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Antimicrob Agents Chemother. 2001 Jun;45(6):1847-53.

Human malaria in immunocompromised mice: new in vivo model for chemotherapy studies.

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Biomedical Parasitology Unit, Pasteur Institute, 75724 Paris Cedex 15, France.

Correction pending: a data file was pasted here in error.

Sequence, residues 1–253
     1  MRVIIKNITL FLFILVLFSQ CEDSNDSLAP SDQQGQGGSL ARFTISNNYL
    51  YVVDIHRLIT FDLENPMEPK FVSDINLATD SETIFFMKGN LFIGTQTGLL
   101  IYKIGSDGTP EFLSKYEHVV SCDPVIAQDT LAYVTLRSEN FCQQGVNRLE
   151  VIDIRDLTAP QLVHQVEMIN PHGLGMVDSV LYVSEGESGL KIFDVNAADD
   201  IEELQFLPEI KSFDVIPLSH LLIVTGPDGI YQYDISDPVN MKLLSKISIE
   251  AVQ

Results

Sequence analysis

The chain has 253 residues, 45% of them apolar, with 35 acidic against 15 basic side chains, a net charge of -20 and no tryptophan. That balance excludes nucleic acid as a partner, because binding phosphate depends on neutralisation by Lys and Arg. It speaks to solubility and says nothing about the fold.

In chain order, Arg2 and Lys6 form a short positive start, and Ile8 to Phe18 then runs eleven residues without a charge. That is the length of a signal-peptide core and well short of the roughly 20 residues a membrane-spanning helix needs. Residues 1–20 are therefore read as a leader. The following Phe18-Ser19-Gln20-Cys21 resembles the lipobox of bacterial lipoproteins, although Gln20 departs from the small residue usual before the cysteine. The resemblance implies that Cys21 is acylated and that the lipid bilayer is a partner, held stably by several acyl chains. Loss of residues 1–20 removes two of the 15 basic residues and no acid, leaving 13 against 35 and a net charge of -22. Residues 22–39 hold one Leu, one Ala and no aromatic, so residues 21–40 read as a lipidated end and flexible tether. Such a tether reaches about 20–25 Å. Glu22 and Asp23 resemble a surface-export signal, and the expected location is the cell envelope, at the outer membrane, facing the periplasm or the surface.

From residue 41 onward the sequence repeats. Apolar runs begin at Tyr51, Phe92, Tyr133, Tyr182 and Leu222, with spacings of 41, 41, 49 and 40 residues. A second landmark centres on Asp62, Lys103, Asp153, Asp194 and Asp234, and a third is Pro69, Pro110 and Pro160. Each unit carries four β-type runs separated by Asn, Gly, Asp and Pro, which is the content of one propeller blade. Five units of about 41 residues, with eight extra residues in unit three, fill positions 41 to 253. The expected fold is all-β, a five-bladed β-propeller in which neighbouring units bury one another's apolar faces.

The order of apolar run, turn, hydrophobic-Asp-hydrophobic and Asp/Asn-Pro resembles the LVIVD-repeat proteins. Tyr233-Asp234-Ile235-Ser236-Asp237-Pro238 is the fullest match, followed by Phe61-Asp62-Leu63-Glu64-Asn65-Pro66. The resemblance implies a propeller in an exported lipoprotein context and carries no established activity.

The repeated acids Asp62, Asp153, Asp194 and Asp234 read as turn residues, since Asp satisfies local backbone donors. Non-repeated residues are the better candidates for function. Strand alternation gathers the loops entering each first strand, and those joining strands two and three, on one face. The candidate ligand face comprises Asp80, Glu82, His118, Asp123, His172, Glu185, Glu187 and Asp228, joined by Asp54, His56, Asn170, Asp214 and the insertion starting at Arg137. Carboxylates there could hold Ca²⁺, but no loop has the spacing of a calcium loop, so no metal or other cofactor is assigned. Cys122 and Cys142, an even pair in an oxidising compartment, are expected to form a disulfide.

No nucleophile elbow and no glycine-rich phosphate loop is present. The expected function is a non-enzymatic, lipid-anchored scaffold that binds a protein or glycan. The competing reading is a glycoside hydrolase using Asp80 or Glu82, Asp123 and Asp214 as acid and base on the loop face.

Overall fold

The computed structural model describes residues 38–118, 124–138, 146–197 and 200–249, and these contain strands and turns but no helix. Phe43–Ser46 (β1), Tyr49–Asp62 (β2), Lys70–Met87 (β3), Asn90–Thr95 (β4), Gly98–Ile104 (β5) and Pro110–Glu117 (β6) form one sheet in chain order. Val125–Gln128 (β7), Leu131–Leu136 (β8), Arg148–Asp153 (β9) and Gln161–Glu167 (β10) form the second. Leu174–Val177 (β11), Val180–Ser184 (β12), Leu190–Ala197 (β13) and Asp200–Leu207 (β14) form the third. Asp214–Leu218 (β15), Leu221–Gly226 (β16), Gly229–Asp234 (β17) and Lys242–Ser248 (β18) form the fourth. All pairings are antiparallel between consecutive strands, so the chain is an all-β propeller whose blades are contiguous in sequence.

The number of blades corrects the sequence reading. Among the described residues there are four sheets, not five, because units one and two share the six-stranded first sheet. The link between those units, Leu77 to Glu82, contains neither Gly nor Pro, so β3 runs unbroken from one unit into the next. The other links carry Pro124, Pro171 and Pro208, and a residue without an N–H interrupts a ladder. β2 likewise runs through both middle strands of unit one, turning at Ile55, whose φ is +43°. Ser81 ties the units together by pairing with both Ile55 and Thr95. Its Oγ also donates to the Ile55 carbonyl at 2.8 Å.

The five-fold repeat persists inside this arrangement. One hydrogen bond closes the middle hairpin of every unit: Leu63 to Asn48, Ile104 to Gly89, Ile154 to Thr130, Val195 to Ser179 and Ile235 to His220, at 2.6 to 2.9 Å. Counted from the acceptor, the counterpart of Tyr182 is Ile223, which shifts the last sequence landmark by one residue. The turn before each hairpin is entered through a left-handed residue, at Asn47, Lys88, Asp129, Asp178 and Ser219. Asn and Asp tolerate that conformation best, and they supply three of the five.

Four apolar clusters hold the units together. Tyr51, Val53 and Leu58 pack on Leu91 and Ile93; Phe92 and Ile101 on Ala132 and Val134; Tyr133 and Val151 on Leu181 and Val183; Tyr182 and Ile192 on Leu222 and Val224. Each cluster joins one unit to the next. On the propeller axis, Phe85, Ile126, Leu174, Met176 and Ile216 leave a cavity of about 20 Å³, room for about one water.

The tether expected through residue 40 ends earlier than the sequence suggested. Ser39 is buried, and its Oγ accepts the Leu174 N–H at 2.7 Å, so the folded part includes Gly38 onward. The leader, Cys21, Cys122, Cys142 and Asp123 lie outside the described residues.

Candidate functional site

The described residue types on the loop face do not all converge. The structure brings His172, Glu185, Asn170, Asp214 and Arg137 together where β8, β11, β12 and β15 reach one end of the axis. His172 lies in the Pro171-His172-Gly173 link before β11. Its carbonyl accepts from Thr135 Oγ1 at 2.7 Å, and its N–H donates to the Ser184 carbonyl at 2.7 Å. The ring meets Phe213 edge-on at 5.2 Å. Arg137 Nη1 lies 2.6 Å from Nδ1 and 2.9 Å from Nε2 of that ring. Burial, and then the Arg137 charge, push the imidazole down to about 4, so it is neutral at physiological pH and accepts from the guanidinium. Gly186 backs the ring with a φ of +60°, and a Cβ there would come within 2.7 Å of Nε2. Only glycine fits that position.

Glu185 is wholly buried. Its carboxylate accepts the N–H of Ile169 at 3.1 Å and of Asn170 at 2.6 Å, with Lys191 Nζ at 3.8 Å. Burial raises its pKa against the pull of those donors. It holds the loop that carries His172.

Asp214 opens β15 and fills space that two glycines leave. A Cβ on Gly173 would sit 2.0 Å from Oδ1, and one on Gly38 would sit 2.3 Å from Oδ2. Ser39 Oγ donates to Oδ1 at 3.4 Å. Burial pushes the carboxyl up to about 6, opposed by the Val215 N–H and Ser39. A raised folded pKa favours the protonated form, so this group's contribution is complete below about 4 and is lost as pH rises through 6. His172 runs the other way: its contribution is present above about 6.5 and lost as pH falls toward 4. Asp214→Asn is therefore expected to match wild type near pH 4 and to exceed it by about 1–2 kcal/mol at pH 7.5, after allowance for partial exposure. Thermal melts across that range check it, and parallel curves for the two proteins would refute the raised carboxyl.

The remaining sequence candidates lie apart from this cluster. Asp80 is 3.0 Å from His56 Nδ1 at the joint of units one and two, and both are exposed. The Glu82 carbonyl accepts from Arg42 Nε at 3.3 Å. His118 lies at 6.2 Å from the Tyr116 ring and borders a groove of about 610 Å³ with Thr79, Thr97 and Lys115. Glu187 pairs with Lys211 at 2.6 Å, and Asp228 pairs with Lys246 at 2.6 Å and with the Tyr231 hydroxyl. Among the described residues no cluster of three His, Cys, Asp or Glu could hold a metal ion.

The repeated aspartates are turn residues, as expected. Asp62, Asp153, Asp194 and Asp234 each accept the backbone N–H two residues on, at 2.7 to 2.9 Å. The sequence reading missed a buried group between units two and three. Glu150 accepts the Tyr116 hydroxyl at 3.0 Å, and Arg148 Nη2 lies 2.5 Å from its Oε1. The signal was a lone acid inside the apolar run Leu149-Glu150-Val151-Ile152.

We have recently designed a new Plasmodium falciparum mouse model and documented its potential for the study of immune effector mechanisms. In order to determine its value for drug studies, we evaluated its response to existing antimalarial drugs compared to that observed in humans. Immunocompromised BXN (bg/bg xid/xid nu/nu) mice were infected with either the sensitive NF54 strain or the multiresistant T24 strain and then treated with chloroquine, quinine, mefloquine, or dihydroartemisinin. A parallelism was observed between previously reported human responses and P. falciparum-parasitized human red blood cell (huRBC)--BXN mouse responses to classical antimalarial drugs, measured in terms of speed of decrease in parasitemia and of morphological alterations of the parasites. Mice infected with the sensitive strain were successfully cured after treatment with either chloroquine or mefloquine. In contrast, mice infected with the multiresistant strain failed to be cured by chloroquine or quinine but thereafter responded to dihydroartemisinin treatment. The speed of parasite clearance and the morphological alterations induced differed for each drug and matched previously reported observations, hence stressing the relevance of the model. These data thus suggest that P. falciparum-huRBC-BXN mice can provide a valuable in vivo system and should be included in the short list of animals that can be used for the evaluation of P. falciparum responses to drugs.

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